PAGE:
U.S. House Ways and Means Committee Chairman Richard Neal has the law on his side, or so it would appear.
The Massachusetts Democrat is using his power as a congressional committee chairman to get his hands on Donald Trump’s tax returns. He is citing a statute that requires the Internal Revenue Service to hand over any request that comes from Congress.
The president’s lawyers say the chairman is overstepping his bounds.
C’mon. Let’s settle this thing.
Donald Trump has pledged to turn over the returns once the IRS completed a “routine audit.” That audit was under way in 2015. It takes three years to conduct a routine audit? I do no think so, no matter how “big” the numbers are that Trump has suggested.
It has been matter of political custom — not the law — for presidents to release their tax returns, to open them up for public review. The custom began in 1976 after the Watergate scandal had driven President Nixon from office.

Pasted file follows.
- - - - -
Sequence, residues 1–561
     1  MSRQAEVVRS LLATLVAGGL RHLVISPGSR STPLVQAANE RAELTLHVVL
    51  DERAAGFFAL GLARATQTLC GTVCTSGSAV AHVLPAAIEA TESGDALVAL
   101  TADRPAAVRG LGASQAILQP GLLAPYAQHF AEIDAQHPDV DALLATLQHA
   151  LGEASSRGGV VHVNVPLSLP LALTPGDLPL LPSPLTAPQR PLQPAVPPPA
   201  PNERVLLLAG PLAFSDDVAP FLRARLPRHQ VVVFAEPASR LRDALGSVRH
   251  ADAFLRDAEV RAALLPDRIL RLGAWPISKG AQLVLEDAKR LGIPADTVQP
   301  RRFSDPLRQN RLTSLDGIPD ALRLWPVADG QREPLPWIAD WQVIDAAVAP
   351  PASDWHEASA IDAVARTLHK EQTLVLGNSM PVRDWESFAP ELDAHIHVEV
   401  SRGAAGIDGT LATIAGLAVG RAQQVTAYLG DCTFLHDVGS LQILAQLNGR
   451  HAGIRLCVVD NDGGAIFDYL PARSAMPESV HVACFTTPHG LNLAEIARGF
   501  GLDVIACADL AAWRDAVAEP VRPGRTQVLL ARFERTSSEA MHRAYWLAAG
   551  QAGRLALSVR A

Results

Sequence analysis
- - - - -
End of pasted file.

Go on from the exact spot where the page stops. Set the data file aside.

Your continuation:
We needed to know then — and we do today — how our presidents earn their income, to whom they might be indebted, and whether they are paying their fair share of taxes. They are, after all, demanding — along with Congress — that the rest of us pay our fair share.
I’m going to set aside for the purposes of this post any discussion of The Russia Thing.
I want to know all I deserve to know — which I happen to believe is a lot — about the president’s fortune. How he amassed it. I want to know whether he skirted federal tax law. I want to know about his debt obligations; after all, Trump said he is “the king of debt.”
None of this should be kept secret from the nation he was elected to lead. Donald Trump, though, is now going back on his pledge to release those returns. He has unleashed his legal team to fight Chairman Neal’s request for the returns.
If the president has nothing to hide — which he has declared many times — then he should have no difficulty showing us what those returns contain. Isn’t that what clean-as-a-whistle politicians do?